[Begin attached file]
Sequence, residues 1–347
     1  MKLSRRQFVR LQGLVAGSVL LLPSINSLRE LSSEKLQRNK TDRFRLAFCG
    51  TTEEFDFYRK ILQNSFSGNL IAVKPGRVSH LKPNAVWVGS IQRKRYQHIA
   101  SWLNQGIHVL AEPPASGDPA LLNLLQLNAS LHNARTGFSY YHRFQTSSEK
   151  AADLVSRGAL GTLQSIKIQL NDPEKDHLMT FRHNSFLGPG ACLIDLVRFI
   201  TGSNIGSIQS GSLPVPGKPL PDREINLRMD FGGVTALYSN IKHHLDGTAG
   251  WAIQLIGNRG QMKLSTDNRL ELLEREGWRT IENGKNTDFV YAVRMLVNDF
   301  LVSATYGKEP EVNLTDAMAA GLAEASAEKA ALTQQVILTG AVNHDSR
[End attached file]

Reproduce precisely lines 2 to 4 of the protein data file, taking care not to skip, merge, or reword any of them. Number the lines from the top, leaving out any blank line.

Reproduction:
     1  MKLSRRQFVR LQGLVAGSVL LLPSINSLRE LSSEKLQRNK TDRFRLAFCG
    51  TTEEFDFYRK ILQNSFSGNL IAVKPGRVSH LKPNAVWVGS IQRKRYQHIA
   101  SWLNQGIHVL AEPPASGDPA LLNLLQLNAS LHNARTGFSY YHRFQTSSEK